Pick the right OEIC

Picking the right OEIC for you depends on a number of factors, including:

  • Risk: How much risk are you willing to take with your investment? If you are risk adverse, look for OEICs that invest in less volatile markets, for example bonds or blue chip shares.

  • Sector: Look at where an OEIC will invest your money. Is this an area you have knowledge of? Is this a sector that is likely to grow in the future or struggle?

  • Income or growth: What do you want from your investment? You can choose to receive regular dividends or reinvest your profits to maximise growth.

  • Lump sum or monthly investment: How do you plan to invest into an OEIC? You could choose between making a lump sum payment or monthly deposits, whichever suits your needs.

  • Previous performance: How has an OEIC performed in the past? Although you should never use past performance as an indicator of future returns, it will show if the fund has been successful previously.


Try to find an OEIC that most closely matches your needs. Remember that there is no guarantee your investment will increase and you may not get back the full amount you invested.

Find out more in our What are OEICs? guide.

How to invest in an OEIC

There are three ways you can buy shares in OEICs:

  • Directly through a management company that offers the fund (e.g. Scottish Widows, Fidelity etc)

  • Through an independent financial adviser (IFA)

  • Through an online share dealing service or stockbroker

Management company

Invest in an OEIC through a management company by:

  • Open an account or registering with them (you may need to complete an application form)

  • Choose an OEIC you wish to invest in

  • Invest a lump sum, set up regular payments or both

You may need to pay an entry fee of around 3% - 5%, and an Annual Management Charge of between 1% and 2%.

Not all managers will accept direct investments so you will need to seek advice from a financial adviser instead.

Financial adviser

An independent financial adviser (IFA) can help you choose which funds to invest in and will buy shares on your behalf.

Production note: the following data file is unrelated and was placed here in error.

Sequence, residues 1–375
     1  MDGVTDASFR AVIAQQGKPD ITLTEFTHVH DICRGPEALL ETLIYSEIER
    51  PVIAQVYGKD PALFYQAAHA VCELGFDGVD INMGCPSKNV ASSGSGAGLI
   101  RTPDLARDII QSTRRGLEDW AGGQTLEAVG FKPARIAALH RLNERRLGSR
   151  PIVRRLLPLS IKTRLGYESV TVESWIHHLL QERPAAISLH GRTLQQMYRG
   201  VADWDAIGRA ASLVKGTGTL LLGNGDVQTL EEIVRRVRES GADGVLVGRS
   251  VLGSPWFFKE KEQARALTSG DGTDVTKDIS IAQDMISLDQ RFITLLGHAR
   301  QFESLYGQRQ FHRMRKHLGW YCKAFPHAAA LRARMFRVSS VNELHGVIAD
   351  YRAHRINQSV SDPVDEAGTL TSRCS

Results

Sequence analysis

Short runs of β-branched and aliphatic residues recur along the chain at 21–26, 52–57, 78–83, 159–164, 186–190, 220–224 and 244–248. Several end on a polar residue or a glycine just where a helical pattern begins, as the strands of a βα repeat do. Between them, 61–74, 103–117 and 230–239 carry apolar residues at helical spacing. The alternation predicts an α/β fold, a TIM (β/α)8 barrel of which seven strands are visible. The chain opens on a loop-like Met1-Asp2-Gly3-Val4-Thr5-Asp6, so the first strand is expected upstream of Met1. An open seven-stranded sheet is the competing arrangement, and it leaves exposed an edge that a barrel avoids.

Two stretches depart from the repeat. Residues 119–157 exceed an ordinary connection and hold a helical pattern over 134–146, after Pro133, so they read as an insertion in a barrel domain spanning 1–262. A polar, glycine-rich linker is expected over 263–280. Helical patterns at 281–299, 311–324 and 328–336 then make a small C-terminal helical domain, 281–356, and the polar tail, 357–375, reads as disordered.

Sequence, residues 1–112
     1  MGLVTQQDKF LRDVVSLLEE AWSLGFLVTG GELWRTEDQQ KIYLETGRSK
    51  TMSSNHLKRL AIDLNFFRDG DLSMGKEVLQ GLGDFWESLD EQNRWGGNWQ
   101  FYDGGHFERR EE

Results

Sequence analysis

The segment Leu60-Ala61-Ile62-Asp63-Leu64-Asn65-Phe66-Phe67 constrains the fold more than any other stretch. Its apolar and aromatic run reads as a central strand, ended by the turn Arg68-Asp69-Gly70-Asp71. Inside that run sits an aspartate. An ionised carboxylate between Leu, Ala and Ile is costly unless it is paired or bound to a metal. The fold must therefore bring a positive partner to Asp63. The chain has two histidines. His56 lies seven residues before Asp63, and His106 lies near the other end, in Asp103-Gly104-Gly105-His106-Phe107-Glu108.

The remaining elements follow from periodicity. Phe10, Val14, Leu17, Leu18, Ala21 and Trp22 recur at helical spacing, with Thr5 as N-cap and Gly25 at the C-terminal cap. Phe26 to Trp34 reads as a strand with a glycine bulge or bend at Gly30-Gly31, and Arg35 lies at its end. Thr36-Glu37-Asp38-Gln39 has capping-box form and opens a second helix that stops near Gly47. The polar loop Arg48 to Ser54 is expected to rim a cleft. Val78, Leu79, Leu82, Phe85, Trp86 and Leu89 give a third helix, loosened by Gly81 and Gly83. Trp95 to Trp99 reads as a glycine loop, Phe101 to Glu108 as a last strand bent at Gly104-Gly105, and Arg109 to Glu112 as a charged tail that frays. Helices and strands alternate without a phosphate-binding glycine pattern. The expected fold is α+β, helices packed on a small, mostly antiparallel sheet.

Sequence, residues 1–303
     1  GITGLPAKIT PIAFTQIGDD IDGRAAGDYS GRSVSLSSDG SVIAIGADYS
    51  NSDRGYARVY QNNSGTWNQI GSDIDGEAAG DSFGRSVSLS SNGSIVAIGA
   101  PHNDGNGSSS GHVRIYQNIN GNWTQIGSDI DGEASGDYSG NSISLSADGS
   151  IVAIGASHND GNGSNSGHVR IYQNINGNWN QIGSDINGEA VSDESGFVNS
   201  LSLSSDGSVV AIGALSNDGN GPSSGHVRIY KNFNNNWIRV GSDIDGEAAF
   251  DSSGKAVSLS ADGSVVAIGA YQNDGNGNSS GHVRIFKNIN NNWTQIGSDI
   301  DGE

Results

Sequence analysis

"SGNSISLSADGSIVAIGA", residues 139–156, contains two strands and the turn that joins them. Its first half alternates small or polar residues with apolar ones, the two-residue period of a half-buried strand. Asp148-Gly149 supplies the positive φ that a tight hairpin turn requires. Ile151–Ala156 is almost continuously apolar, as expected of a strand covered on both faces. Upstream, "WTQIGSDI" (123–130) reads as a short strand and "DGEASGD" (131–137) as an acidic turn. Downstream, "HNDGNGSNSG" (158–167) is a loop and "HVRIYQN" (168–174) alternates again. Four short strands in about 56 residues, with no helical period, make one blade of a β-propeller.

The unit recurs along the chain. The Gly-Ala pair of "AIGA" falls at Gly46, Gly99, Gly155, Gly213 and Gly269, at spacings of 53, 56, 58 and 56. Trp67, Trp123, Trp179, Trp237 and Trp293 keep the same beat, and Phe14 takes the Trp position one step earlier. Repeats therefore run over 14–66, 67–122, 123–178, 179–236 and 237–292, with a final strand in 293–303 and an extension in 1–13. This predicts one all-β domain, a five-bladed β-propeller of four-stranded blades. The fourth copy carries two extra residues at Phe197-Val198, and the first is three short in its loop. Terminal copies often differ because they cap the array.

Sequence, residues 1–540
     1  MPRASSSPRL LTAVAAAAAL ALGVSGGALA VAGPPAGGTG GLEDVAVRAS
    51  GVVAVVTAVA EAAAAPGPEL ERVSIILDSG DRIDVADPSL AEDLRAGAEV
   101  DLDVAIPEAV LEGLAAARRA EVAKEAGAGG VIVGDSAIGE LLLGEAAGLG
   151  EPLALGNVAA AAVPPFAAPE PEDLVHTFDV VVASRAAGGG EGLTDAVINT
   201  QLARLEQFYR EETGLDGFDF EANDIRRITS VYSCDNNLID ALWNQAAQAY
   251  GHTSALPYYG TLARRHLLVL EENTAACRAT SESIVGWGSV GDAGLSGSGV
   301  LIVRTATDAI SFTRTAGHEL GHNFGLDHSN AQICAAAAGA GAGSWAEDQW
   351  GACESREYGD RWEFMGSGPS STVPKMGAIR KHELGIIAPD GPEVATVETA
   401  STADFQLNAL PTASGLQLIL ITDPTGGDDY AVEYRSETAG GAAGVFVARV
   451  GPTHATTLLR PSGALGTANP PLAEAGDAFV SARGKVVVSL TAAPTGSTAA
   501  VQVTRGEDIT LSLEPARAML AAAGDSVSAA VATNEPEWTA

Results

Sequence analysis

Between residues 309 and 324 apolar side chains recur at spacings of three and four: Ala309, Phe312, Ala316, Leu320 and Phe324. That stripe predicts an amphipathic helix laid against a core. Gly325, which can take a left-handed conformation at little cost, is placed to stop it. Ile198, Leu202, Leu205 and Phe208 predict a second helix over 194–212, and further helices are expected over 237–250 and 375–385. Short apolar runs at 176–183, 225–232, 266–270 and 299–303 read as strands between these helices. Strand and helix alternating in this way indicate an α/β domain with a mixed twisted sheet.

• Professional advice

  • You will need to pay for their services

Online service

This is a similar process as investing directly through a management company. You will need to sign up and open an account, deposit money into the account and then choose a fund to invest in.

The fees are typically lower than investing direct. You may be charged administration fees based on the total value of the OEIC, and an automatic reinvestment of income charge of around 1%.

Use your ISA allowance

Using your ISA allowance to invest in an OEIC means your profits will not be subject to Income or Capital Gains Tax. You will be given the option of investing into an OEIC using your ISA allowance.

The ISA allowance for the tax year 2015-2016 is 15,240, which means you could invest this amount into an OEIC tax free.

Monitoring performance

You will be able to view the share price of your OEIC through the fund manager's website, or the online service you invested through.

This should show you the price within the last day, and include charts of its performance over time.

If you have invested through an IFA, you can contact them for an update on how your OEIC is performing.

Selling your OEIC shares


How you sell your shares will depend on how you invested.

If you bought your shares online either directly or through an online service should be able to log onto your account and sell your shares at their current price.

If you invested through an IFA, you will need to contact them to arrange the sale.

What will you be charged?

You may be charged an exit fee however few fund managers will charge this. If you have invested through an online stockbroker service check their fees for selling shares.

Any profit you make when you sell will be subject to income and Capital Gains Tax, unless you have invested through an investment ISA. You can calculate you Capital Gains Tax bill using this calculator.

To find out what tax you could be charged go to the GOV.UK website.